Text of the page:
I realized that the tide of globalization had already been sweeping the villages of Yamagata more than twenty years ago. The elementary school teachers started to put Yomigana (hiragana) with Kanji characters in the class newsletter for the Filipino mothers. It is indeed called “advocacy.” They have the political power to change Japanese society. Of course, on the domestic end of things, the usual conflicts happen within their families. Despite these matters, one of them said “Mother-in-law is very old. She has to rely on me anyway.”
Wow, I am sure that one of these Filipinas will be a mayor of the village someday soon!
What about the men in the village? What have they been feeling about Filipina Yome? Well, being farmers, they do not talk much as you can imagine. But some of them told me quietly that “I might go to the Philippines in the future and retire near the beach with my wife.” It said a lot about what has been happening with them for the last twenty years. They were the men who had never seen foreigners for more than thirty years until they met their prospective wives in the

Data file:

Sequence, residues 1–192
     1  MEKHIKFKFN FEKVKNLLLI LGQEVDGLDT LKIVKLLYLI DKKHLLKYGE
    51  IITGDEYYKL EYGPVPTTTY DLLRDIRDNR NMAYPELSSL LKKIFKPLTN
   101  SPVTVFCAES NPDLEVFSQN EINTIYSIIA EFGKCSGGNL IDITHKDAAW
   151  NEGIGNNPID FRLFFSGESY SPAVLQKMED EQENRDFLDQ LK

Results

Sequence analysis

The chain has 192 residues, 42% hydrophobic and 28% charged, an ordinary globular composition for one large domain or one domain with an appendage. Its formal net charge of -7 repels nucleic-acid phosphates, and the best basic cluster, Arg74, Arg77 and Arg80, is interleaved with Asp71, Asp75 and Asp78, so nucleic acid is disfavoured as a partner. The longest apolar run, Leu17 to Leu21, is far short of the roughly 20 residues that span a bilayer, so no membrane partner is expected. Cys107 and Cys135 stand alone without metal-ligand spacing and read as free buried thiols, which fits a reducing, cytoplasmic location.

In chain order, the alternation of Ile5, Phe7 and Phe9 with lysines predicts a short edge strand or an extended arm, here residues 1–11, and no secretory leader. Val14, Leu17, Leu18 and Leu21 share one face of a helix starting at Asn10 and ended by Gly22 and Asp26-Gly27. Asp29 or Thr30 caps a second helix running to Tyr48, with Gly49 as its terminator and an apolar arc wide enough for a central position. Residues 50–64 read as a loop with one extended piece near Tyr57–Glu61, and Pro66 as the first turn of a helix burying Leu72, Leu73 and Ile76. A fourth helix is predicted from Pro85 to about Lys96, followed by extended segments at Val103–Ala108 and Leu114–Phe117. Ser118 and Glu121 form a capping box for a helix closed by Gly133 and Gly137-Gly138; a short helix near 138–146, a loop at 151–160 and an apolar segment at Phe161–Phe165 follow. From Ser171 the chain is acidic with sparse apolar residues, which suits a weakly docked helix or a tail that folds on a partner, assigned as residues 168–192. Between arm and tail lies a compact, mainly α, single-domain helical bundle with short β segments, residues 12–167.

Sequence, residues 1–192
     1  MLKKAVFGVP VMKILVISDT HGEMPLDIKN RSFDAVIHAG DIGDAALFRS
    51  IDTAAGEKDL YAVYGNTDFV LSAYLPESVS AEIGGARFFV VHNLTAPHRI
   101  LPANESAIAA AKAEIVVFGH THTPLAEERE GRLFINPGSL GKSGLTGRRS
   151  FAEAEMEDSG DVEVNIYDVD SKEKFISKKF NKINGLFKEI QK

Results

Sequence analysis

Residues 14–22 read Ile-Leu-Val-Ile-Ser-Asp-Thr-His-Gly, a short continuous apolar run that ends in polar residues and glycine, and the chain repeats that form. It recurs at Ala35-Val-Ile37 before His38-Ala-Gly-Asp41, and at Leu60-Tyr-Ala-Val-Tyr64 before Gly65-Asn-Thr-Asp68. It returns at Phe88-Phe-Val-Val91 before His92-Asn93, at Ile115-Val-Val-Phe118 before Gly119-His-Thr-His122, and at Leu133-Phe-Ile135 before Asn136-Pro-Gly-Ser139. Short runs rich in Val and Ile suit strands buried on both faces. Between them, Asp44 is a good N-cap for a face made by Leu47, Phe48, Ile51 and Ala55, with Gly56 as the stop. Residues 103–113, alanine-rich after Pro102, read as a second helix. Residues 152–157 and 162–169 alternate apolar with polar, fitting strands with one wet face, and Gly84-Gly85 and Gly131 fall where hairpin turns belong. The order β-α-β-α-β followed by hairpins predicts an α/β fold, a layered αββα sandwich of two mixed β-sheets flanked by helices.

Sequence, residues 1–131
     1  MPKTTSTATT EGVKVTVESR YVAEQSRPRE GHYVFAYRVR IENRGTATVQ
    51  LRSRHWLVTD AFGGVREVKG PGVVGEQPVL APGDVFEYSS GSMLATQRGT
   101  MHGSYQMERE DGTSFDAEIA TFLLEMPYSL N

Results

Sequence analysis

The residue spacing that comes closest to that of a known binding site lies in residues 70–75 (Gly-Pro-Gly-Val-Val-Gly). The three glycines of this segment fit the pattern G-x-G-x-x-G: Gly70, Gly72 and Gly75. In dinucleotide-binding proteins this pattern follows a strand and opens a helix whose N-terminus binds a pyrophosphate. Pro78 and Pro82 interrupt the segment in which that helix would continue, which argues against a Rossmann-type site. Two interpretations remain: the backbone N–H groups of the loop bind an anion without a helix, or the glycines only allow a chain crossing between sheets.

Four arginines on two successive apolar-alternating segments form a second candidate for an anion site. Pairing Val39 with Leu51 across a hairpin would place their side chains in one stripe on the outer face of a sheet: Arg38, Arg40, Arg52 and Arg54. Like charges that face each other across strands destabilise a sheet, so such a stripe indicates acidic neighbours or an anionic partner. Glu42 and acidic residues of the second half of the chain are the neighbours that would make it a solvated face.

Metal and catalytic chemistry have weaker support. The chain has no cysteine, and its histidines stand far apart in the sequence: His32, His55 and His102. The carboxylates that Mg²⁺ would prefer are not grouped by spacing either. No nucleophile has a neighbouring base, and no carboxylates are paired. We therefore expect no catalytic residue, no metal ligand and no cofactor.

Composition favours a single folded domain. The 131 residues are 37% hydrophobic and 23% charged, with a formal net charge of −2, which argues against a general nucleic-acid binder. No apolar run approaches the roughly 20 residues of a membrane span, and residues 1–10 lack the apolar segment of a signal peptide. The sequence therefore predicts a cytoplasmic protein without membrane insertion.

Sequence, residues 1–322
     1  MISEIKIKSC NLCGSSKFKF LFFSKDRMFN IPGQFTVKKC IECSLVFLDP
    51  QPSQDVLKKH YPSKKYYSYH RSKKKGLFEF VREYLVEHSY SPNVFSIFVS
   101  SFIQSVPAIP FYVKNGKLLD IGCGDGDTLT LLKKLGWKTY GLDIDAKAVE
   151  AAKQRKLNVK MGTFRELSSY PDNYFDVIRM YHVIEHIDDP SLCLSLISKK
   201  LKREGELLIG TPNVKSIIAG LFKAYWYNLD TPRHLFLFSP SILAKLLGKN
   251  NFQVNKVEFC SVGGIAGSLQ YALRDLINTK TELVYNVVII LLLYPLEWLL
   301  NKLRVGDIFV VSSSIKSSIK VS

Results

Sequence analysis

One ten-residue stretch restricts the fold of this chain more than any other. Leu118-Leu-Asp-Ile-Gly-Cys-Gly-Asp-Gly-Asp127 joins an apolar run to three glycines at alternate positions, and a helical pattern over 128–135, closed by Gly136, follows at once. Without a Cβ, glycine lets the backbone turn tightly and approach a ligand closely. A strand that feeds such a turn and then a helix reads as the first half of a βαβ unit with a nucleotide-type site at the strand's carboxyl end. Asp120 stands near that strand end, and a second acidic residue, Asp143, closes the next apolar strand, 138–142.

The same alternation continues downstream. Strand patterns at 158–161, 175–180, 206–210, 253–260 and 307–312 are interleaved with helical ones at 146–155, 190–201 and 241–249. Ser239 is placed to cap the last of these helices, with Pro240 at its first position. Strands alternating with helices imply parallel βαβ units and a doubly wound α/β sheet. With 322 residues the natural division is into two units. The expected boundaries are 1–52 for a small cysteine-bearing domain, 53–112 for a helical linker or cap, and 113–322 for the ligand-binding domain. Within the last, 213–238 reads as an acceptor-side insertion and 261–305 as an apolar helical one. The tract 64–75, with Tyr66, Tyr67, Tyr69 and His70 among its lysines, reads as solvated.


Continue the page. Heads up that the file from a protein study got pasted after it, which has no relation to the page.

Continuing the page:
Philippines. To be precise, they were sort of trained in Philippine pubs in Japan before going to the Philippines to find their prospects. Anyway, globalization is not just a theory and we can not live together just by reading books and papers on this phenomenon.
I am very interested in what is happening within that area in
Yamagata. Many women from the Philippines have been following the pioneers and the community has been growing. Their children have grown up as bi-cultural children. I really hope that they are the ones who would transform this place into a global community, so that the number of Japanese women who are into the farming and can make a traditional tsukemono might be increase in the future. I, for example, have already decided to go there next year again with my students and to be a volunteer to listen to their life stories and learn how to make delicious tsukemono from them.
Chika Hyodo is an assistant professor in Waseda University. She went to Yamagata to look for possible fields of study on local globalization in Japan for students.